Partner Spotlight

Facts About Childhood Obesity

Support Partnership for a Healthier America's work by making a donation. PHA was created to eliminate the nation’s childhood obesity crisis that is preventing many of our children from having a healthy future. While we have seen progress among preschool age children, we continue to face an enormous challenge: Approximately 17 percent of U.S. youth have obesity, and nearly one in three children and adolescents are either overweight or have obesity.

No one is immune to the risk of growing up at an unhealthy weight. Childhood obesity cuts across all communities and all categories of race, ethnicity, and family income. Alarmingly, the obesity problem strikes at an early age, with researchers estimating a staggering 9.4 percent of children ages 2 to 5 already have obesity. The obesity rate for children ages 6 to 11 has also more than quadrupled during the past 40 years – from 4.2 to 17.4 percent – as well as tripled for adolescents ages 12 to 19, climbing from 4.6 to 20.6 percent, according to the National Health and Nutrition Examination Survey (NHANES).

We spend an estimated $190 billion every year to treat obesity-related conditions in America

Not only do childhood health costs exacerbate the problem, it’s worth noting that many weight-related health issues can turn into chronic conditions (such as diabetes and heart disease) as children grow older and dramatically cut short their life expectancy.

The Partnership for a Healthier America (PHA) is devoted to working with the private sector to ensure the health of our nation’s youth by solving the childhood obesity crisis. In fact, this crisis marks the first time in our history that a generation of American children may face a shorter expected lifespan than their parents. Recent research finds those most affected are lower-income individuals, African-American, Latinos, American Indians and those living in the southern part of the United States. Many live in communities with half as many supermarkets as wealthier neighborhoods. Communities with high levels of poverty are also significantly less likely to have safe places for children to play.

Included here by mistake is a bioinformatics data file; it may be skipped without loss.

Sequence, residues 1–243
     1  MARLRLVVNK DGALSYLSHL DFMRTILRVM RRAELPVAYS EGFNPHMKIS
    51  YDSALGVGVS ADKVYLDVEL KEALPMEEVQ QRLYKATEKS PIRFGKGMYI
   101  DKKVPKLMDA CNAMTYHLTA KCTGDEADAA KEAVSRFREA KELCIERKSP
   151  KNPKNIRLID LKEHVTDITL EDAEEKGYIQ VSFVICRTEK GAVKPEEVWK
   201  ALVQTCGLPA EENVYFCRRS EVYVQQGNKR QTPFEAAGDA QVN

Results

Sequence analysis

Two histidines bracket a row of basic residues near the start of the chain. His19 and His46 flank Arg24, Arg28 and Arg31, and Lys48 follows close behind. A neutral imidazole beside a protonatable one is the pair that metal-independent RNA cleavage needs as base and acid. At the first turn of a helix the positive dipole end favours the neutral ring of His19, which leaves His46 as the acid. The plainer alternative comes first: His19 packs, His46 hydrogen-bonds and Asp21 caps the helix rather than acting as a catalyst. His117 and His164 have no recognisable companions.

Key Facts:

  • In 2011-2014, 24.4 percent of African-American adolescent girls were obese.
  • Black and Latino youths have substantially higher rates of overweight and obesity than do their White peers. In 2011 and 2012, 22 percent of Latino children and 20 percent of black children had obesity compared to 14 percent of white children.
  • An overweight adolescent has a 70 percent chance of becoming an overweight or obese adult.
  • 6- to 8-year-olds with obesity are approximately 10 times more likely to become obese adults than those with a lower body mass index.
  • A third of the children born in 2000 in this country will develop diabetes during their lifetime.
  • Since 1980, the obesity prevalence among children and adolescents has almost tripled.
  • More than one in four 17- to 24-year-olds in the United States are now too heavy to serve in the military, a development that retired military leaders say endangers national security.
  • Children with obesity are already demonstrating cardiovascular risk factors typically not seen until adulthood.
  • Children and adolescents with obesity have a greater risk of social and psychological problems, such as discrimination and poor self-esteem, which can continue into adulthood.
  • Children with weight issues are more likely to miss school and repeat a grade than children who are at a healthy weight.
  • Children with obesity have three times more healthcare expenditures than children at healthy weights, costing an estimated $14 billion every year.